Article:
• School psychologists and health professionals: The dedicated funding for school psychologists would be turned into funding for “school health personnel,” which can include psychologists, counselors, nurses or social workers. Schools have had a hard time hiring psychologists in-house, in part because of pay and because of a lack of qualified people in the state. Schools are short on these workers. The budget also would require a report by January on the struggle to hire for these positions and a set of recommendations for the state.
  • School counselor duties: School counselors would be prohibited from helping to administer standardized testing in schools. Currently, counselors often do so during their “indirect” student services time, which can be up to 20% of their work week.
  • Incentivizing new teachers: The budget would create a teacher apprentice program that would allow high school graduates to work in schools as apprentices while earning their education degrees. It would also fund their school tuition. Similarly, the budget would expand the state’s Teaching Fellows program, which provides future loan forgiveness and training for people training to be teachers, by offering it to students at two more universities. It would also make students training to become kindergarten through sixth grade teachers eligible. Currently, only students training to be teachers in special education or science, technology, engineering or math disciplines are eligible.
  • Artificial intelligence in school security: New Hanover County Schools would receive $3.2 million and Davidson County Schools would receive $2 million for a pilot program allowing them to use artificial intelligence-backed technologies to improve school security. The technology would be used for automatic door locking or for automated communications.
  • Teacher training: Teachers at schools with at least 10% of students identified as “at-risk” of academic failure or dropout would be able to get National Board of Professional Teaching Standards certification for free. The certification costs $1,900 for the first five years and smaller amounts after that. The certification is a rigorous process in which teachers prove their skills and impact on students. The state pays 12% more in annual base pay to teachers with the certification.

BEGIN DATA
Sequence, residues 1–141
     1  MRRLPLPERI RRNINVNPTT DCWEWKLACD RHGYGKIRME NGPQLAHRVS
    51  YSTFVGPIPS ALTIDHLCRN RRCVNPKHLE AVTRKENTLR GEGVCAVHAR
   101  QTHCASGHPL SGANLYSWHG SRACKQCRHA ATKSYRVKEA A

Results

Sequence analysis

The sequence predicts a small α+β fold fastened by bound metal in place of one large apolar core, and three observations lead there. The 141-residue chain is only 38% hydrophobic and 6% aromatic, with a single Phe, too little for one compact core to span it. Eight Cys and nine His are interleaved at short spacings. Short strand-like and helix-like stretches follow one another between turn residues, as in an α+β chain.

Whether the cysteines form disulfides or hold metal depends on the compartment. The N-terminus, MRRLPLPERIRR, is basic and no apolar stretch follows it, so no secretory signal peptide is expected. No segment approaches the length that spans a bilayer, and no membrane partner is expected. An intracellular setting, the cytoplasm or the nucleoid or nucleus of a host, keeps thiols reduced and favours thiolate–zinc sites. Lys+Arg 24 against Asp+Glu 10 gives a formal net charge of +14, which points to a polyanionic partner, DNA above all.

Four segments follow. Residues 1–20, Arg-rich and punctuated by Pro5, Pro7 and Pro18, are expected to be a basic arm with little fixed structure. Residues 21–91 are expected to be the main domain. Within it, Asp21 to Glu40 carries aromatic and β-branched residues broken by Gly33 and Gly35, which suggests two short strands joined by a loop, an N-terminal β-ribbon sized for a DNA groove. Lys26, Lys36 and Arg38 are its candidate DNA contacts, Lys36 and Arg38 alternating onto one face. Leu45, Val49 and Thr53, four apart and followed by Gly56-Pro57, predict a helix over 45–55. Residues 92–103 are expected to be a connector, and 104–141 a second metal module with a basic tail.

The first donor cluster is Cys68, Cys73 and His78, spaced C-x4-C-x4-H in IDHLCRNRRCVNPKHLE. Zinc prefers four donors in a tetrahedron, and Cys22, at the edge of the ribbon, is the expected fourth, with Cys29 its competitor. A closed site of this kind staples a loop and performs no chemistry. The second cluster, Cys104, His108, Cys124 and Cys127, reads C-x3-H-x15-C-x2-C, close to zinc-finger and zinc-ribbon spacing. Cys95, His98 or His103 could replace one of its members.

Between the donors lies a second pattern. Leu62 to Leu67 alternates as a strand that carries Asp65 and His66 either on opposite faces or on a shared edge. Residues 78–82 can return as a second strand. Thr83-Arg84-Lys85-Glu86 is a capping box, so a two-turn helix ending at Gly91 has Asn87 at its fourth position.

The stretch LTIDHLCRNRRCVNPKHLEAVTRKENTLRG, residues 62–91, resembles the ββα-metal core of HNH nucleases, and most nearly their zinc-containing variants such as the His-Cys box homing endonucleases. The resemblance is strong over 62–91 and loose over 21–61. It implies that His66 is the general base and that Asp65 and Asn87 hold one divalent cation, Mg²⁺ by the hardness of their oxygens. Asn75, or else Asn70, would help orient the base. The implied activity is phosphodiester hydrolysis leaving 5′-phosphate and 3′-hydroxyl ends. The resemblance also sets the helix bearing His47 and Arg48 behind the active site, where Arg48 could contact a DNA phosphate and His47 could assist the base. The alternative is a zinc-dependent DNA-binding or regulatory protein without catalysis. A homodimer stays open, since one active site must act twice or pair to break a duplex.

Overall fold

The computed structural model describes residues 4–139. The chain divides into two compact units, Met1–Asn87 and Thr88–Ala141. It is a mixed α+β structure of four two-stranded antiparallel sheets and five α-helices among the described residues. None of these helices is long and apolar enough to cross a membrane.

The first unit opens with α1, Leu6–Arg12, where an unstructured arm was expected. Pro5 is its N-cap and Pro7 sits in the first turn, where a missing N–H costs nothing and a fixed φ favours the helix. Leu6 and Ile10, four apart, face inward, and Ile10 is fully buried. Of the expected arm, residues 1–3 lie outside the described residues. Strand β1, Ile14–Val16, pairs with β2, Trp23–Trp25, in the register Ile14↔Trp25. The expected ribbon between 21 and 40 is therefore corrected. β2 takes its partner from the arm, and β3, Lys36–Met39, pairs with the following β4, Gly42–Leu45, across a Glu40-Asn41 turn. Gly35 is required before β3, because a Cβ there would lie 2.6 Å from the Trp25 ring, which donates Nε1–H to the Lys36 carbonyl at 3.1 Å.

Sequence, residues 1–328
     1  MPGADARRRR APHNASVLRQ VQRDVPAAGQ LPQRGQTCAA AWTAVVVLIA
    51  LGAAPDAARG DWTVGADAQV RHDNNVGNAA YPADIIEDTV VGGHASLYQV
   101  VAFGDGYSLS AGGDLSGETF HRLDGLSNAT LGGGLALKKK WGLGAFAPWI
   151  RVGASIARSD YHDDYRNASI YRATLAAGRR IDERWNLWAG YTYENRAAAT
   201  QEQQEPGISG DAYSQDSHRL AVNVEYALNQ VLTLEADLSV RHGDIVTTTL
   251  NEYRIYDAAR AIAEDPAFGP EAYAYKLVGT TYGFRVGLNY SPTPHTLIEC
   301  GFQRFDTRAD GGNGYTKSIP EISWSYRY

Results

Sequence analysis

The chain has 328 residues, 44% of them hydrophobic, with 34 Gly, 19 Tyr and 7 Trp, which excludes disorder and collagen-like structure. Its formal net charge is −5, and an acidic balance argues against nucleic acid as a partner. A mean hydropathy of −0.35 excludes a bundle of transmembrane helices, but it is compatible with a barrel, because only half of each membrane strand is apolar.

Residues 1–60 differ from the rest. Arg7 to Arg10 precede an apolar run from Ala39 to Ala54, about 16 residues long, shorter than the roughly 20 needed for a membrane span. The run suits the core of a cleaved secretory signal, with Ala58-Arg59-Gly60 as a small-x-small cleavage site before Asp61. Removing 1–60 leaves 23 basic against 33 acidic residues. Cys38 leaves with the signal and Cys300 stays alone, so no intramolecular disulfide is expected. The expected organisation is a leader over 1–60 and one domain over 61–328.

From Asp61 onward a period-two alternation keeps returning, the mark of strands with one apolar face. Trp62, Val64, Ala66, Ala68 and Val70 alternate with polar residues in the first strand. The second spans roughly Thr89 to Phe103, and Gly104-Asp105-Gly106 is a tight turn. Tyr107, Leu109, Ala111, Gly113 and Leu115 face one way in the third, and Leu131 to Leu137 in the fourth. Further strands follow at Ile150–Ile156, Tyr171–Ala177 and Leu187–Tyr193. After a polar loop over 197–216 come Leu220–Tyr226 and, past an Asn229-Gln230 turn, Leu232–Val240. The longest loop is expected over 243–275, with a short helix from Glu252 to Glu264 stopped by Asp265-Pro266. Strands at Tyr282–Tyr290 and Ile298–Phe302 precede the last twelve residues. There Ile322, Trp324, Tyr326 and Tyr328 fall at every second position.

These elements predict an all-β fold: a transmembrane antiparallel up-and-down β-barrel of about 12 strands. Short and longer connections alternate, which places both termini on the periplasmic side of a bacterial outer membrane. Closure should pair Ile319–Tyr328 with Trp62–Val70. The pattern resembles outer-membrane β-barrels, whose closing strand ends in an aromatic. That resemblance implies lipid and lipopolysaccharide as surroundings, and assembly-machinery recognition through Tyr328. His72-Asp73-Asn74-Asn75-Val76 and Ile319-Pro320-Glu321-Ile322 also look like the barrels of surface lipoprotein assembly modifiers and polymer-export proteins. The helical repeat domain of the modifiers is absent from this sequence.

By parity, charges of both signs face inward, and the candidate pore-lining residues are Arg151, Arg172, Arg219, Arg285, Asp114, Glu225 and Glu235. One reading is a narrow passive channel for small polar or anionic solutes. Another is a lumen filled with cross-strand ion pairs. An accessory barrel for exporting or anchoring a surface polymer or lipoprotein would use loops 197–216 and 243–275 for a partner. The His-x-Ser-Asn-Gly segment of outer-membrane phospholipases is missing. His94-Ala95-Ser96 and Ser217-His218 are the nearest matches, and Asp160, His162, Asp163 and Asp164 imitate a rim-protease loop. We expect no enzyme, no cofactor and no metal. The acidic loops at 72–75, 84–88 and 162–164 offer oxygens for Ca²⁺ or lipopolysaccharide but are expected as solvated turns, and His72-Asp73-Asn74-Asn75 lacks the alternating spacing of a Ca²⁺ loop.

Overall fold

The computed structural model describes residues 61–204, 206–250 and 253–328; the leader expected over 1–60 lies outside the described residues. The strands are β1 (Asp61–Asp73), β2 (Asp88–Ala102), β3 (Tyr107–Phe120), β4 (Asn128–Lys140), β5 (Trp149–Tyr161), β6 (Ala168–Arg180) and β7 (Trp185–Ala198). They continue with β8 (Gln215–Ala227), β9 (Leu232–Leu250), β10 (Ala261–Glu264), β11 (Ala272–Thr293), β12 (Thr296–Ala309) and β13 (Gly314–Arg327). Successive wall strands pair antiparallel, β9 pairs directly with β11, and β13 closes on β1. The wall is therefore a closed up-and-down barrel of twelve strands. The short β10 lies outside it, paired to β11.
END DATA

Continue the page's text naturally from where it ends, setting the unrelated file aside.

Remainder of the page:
• Changes to school funding: The North Carolina Department of Public Instruction would be required to determine school funding based on a school’s enrollment during the prior school year. If a school’s enrollment increased, they could receive additional funding from a reserve fund set aside for schools with increasing enrollments. That funding mechanism would begin for the 2024-25 school year after being studied this year.
  • School buildings: The budget would provide $46 million more this year in the Needs-Based Public School Capital Fund, with another $4 million planned after that, bringing the total annual funding to $258 million by the 2024-25 school year. Schools have billions of dollars in capital needs that don’t have a dedicated funding source.
  • Virtual charter schools: The pilot program for the state’s two virtual charter schools would extend another year to the 2025-26 school year, making it at least an 11-year pilot program. The schools perform poorly academically, although Republican lawmakers argue that’s because of the sometimes transient nature of their student bodies. The schools would be allowed to increase their enrollment by 20% each year, as well, if certain conditions are met.
  • Early high school graduation: High schools would be required to offer three-year graduation tracks for students. Students graduating early would also be eligible for a scholarship for post-secondary learning.
  • Virtual high school: High schools in 10 school systems would participate in a pilot program allowing five days or 30 hours of instruction to be remote, in an effort to hold semester exams before winter break, instead of after it in January.
  • Youth surveys: The budget would allow two exemptions to new restrictions on student surveying from the Parents’ Bill of Rights. Parental permission would not be required for the National Youth Tobacco Survey or the Youth Risk Behavior Survey. Both surveys are anonymous and are used to determine wellness programming for youth or to measure the success of existing programming. They ask students about whether they engage in certain behaviors, such as drinking alcohol, riding in a car without a seat belt or having sex without birth control.
  • Teacher license flexibility: Three-year limited teacher licenses would become renewable, instead of being nonrenewable, if the teacher meets certain performance requirements. Sometimes, limited-license teachers — who are often transitioning into teaching from other professions — don’t pass licensure exams or meet other academic requirements to move onto a new license and, consequently, leave the teaching profession. The budget would also give five-year, renewable licenses to teachers coming into North Carolina from another state, who have taught for at least three years in a state with similar licensure requirements. Currently, those teachers must provide documentation proving their classroom effectiveness before they can receive such a license in North Carolina.